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23 January 2014

Property Barometer - Residential affordability
FNB - South Africa
2014 may be the year in which home affordability starts to become a little more of a challenge, with slightly higher house price growth and a struggling labour market.

After 6 years of improving residential property affordability, 2014 could be a year in which this improving affordability trend is reversed mildly, and in which affordability becomes slightly more challenging. This is based on our view that 2014 will yield higher house price growth in a supply constrained residential market, interest rates will remain unchanged, and average employee remuneration will show weak growth in an economy not showing any significant employment growth.

The 2 factors then expected to be negatives for home affordability are a year of mildly faster house price growth in 2014, and struggling labour remuneration growth.

While economic growth looks set to be pedestrian yet again in 2014, our expectation of slightly more rapid house price growth, rising from an average of 6.8% last year to nearer to 9% perhaps in 2014, is based more on our perceptions of increased confidence in residential property, both from a mortgage lender and home buyer point of view it would seem, and mounting residential supply constraints. Building activity has remained slow for the past 5 years, and our FNB Estate Agent survey reports significant agent stock constraints, while FNB’s valuers too are reporting increasingly constrained supply along with gradually rising residential demand.

Expected house price inflation of 9% could likely exceed average wage inflation. According to the SARB Quarterly Bulletin. The Andrew Levy estimate for average wage settlements for the 1st 3 quarters of 2013 was 7.9%. This is slightly higher than the 7.6% estimate for 2012, but can it continue to accelerate under conditions of almost zero employment growth? We suspect not. StatsSA measures of employment and wage bill growth show employment growth in 2nd and 3rd quarters of 2013 now at very near to zero in a weakened economy, which one would expect to exert some downward pressure on wage increases in the near term.
Property Barometer - Residential Affordability

Court may order salary deduction to pay rent
IolProperty - South Africa
Where a tenant owes rentals, his landlord can obtain a court order that would compel the tenant's employer to deduct a specific amount from his salary to be paid to the landlord in installments.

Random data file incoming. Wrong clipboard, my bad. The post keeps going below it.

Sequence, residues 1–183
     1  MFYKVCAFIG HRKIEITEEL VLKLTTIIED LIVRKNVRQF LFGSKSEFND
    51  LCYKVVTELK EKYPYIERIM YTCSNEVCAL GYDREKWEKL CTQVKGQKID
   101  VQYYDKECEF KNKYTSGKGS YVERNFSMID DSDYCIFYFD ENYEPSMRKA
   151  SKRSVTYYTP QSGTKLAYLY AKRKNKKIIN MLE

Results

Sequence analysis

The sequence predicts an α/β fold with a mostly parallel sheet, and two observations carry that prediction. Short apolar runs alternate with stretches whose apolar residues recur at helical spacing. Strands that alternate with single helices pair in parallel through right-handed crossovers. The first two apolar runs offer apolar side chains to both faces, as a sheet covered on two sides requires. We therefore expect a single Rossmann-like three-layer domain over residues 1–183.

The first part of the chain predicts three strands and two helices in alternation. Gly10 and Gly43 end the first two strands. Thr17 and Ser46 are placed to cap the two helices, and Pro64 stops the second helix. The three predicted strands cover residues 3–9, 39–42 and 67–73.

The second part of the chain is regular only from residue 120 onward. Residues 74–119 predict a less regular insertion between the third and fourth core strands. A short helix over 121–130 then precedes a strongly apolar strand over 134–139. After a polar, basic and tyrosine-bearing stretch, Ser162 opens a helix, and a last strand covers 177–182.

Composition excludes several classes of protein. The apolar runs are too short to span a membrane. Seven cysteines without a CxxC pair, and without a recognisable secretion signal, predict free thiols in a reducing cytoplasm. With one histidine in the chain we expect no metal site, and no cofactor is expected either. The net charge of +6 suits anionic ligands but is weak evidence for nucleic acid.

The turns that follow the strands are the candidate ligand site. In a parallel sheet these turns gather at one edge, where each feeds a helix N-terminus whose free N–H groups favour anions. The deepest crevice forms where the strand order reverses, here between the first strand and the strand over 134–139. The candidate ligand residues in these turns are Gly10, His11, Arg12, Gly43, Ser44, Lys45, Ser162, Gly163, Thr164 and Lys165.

This is referred to as an emoluments (salary) attachment order. The tenant would be given an opportunity to defend such an application and the court would investigate the tenant's circumstances before granting the judgment.

Can a court order a tenant to pay her rentals to a third party and not the owner/landlord with whom she entered into a lease contract?

Let us take the example of an owner of a flat in a sectional titles scheme who owed the body corporate. The owner failed to pay the monthly levy and the body corporate issued summons to recover the outstanding levies.
IolProperty

Residential yield review
FNB-TPN - South Africa
After slow house price growth from 2008 to late-2011 had allowed rentals to play some mild catchup with residential property values, resulting in rising gross yields over much of that period, a period of improved house price growth performance through 2012 and the 1st half of 2013 translated into a resumption of yield compression (decline).

However, TPN (Tenant Profile Network) surveys a year ago began to talk of growing supply shortages in the residential rental market, and it would appear that rental inflation began to accelerate last year, causing yields to once again start to increase in the 2nd and 3rd quarter of 2013. This once again starts to raise the attractiveness of residential property as an investment purchase mildly.

Summing it all up, Loos and Dickens believe it possible that “we may see some further mild increase in gross yields in the near term as rental inflation rises. However, this may not be a large increase, as house price inflation also looks to be accelerating.” They thus remain of the view that we’ll probably have to wait for the next significant jump in residential yields, which will probably only take place the next time interest rates rise, boosting rental inflation while subduing house price growth. And the FNB expectation remains for such an event to take place from 2015 onward, after another year of sideways movement in interest rates in 2014.”
Residential Yield Review

Cancelling a bond application can be expensive
Rawson - South Africa
Fairly regularly in the process of awarding mortgage bonds for home purchases, the banks will be faced with a situation in which, for whatever reason (usually a serious change in the applicant’s economic circumstances), the client will want to cancel the bond granted to him by the bank.

In these circumstances, says Mike van Alphen, the National Manager of the Rawson Property Group’s bond origination division, Rawson Finance, the bond applicant may well find that he has to forfeit the deposit paid on the property and, in addition, may be held liable for the estate agent’s commission and/or the conveyancer’s wasted costs.

The bond applicant may then often approach the bank with a request to review his application and decline the loan so that none of these costs will have to be paid (many property sale contracts make the sale dependent on the buyer receiving a bond).
Rawson

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